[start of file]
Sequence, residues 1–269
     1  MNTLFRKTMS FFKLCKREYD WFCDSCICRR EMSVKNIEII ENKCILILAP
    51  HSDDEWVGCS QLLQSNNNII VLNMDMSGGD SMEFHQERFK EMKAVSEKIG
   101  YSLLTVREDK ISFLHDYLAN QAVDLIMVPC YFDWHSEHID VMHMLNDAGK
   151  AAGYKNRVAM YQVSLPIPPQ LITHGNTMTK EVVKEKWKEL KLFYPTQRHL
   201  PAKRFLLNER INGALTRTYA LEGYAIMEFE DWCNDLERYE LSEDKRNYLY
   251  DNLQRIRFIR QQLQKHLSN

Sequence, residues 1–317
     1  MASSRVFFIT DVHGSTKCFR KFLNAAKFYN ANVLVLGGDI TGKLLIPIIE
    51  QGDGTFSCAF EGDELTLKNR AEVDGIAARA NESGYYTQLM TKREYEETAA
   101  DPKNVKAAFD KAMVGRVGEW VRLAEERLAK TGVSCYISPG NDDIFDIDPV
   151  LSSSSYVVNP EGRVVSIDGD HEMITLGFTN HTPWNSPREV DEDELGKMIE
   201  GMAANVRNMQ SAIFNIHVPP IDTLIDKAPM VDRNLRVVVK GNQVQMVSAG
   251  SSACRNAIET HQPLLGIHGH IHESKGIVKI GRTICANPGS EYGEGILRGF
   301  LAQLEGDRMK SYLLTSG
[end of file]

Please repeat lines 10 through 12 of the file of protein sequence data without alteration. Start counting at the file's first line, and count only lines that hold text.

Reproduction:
    51  QGDGTFSCAF EGDELTLKNR AEVDGIAARA NESGYYTQLM TKREYEETAA
   101  DPKNVKAAFD KAMVGRVGEW VRLAEERLAK TGVSCYISPG NDDIFDIDPV
   151  LSSSSYVVNP EGRVVSIDGD HEMITLGFTN HTPWNSPREV DEDELGKMIE